Stressful working conditions - in particular those experienced by many professionals during Covid-19 pandemic - can lead to a psychic disorder known as "burnout syndrome". Physical and emotional exhaustion are the main symptoms, a new wearable device can detect high levels of stress by analyzing sweat.

Developed by engineers from the Federal Polytechnic School of Lausanne (EPSL), Switzerland, in partnership with the startup Xsensio, the device can be applied directly to the patient's skin to continuously measure the concentration of cortisol, the main stress biomarker. The device, described in a study published in Nature, can help doctors better understand and treat conditions like burnout and obesity.

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Blood tests are often used to take instant measurements of patients' cortisol levels. However, detectable amounts of the hormone can be found in saliva, urine and sweat.

Cortisol is produced by the adrenal glands from cholesterol. Its secretion is controlled by the adrenocorticotrophic hormone (ACTH), which is produced by the pituitary gland. It performs essential functions in our body, such as regulating metabolism, blood sugar levels and blood pressure; it also affects the immune system and cardiovascular functions.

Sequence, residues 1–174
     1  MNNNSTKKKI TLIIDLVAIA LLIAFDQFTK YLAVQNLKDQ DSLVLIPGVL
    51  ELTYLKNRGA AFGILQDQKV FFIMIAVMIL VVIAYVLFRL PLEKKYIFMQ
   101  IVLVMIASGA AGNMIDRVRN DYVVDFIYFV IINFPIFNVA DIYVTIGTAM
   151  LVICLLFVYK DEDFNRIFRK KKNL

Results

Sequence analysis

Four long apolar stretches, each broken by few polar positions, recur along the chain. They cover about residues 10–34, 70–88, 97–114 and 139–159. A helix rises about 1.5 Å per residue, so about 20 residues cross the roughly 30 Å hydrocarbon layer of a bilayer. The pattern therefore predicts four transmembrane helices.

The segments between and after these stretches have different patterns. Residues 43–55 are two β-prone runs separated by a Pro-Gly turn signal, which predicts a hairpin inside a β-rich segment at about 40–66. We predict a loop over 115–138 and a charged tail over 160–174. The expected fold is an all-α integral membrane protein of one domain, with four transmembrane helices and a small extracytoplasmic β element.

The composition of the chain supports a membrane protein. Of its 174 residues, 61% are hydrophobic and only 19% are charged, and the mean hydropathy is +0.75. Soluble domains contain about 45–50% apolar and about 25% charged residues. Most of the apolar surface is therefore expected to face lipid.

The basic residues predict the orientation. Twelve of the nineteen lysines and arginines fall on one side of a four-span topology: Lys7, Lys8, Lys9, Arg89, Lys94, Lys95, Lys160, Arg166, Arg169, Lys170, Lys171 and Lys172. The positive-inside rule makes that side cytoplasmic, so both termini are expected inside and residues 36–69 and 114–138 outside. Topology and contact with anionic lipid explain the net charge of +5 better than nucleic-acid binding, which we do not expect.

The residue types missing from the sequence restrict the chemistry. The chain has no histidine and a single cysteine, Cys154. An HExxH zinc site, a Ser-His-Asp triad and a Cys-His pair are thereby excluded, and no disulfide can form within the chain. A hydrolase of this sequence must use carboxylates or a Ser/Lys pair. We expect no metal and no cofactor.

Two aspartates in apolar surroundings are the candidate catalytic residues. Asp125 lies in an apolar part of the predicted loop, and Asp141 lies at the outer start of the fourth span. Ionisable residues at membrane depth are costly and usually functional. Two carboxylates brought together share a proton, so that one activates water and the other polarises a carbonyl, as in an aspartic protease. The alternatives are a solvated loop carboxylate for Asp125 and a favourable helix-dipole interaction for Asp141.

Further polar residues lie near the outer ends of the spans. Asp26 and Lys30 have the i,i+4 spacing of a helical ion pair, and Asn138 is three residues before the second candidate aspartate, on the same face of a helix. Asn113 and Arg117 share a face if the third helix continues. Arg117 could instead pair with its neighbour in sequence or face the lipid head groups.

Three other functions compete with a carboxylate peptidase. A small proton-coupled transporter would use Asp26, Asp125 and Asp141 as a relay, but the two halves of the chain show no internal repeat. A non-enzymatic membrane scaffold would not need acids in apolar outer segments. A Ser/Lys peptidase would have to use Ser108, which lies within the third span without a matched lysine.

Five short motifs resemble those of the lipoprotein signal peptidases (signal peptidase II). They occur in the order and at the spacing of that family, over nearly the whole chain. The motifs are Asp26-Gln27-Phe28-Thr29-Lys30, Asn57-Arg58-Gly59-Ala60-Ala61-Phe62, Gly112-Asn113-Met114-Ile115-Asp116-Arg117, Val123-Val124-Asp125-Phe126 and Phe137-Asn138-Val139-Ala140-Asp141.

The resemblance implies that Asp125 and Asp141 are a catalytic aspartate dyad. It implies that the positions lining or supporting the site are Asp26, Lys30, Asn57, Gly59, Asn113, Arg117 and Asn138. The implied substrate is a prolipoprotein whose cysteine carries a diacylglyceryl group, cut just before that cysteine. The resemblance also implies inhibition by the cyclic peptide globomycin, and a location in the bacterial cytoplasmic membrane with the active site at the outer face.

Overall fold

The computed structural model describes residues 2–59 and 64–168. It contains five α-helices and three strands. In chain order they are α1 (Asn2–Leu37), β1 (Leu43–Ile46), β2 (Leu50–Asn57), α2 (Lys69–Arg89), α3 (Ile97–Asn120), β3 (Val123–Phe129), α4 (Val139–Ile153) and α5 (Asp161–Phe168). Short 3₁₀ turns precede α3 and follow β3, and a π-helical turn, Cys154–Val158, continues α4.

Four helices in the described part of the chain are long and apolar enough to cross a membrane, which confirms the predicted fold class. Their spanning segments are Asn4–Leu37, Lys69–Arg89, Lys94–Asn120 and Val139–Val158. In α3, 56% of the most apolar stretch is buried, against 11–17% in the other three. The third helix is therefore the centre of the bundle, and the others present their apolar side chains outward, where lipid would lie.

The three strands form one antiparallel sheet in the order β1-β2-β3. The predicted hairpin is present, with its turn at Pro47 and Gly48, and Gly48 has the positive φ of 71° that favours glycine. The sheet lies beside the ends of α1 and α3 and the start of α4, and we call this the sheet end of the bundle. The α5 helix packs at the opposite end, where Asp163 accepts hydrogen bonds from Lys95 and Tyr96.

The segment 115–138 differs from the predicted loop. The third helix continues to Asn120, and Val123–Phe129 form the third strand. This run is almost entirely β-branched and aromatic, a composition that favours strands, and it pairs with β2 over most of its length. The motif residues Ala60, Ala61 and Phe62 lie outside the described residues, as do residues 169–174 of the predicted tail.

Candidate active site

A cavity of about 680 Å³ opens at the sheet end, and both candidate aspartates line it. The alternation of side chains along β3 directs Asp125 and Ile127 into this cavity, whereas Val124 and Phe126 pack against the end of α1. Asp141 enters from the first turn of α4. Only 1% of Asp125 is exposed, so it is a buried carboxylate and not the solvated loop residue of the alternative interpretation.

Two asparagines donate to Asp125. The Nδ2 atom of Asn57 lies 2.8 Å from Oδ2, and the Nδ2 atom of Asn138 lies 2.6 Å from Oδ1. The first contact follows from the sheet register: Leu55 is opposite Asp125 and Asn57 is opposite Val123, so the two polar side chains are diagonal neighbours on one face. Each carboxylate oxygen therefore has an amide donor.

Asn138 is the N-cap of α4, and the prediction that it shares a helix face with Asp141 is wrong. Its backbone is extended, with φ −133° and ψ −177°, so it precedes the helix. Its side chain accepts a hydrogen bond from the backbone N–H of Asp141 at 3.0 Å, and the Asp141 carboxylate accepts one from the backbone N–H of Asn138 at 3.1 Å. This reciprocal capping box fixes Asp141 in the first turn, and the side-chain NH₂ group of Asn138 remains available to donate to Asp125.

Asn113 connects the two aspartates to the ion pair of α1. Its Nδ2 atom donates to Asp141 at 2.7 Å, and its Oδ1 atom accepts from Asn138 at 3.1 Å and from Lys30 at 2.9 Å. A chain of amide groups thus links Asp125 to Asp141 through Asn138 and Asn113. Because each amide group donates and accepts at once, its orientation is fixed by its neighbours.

Device created at EPFL is capable of measuring the concentration of cortisol in the user's sweat. Image: CGN089 / Shtterstock

In stressful situations, cortisol instructs our body to direct the necessary energy to our brain, muscles and heart. "Cortisol can be secreted on impulse - you feel good and suddenly something happens that puts you under stress and your body starts to produce more of the hormone," explains Adrian Ionescu, head of the EPFL Nanoelectronic Devices Laboratory (Nanolab).

Usually secreted throughout the day according to a circadian rhythm, with a peak between 6 am and 8 am, cortisol gradually decreases in the afternoon and at night. "But in people who suffer from stress-related illnesses, this circadian rhythm is completely altered," says Ionescu.

"If the body produces too much or not enough cortisol, it can seriously damage an individual's health, which can lead to obesity, cardiovascular disease, depression or exhaustion", adds the researcher.

The patch developed by EPFL's Nanolab contains a transistor and an electrode made of graphene, which has high sensitivity and very low detection limits. This is the first system developed to monitor cortisol concentrations continuously throughout the circadian cycle.

“This is the main advantage of our device. As it can be used on the skin, scientists can collect quantitative and objective data about certain stress-related illnesses in a non-invasive, accurate and instantaneous way ”, says Ionescu.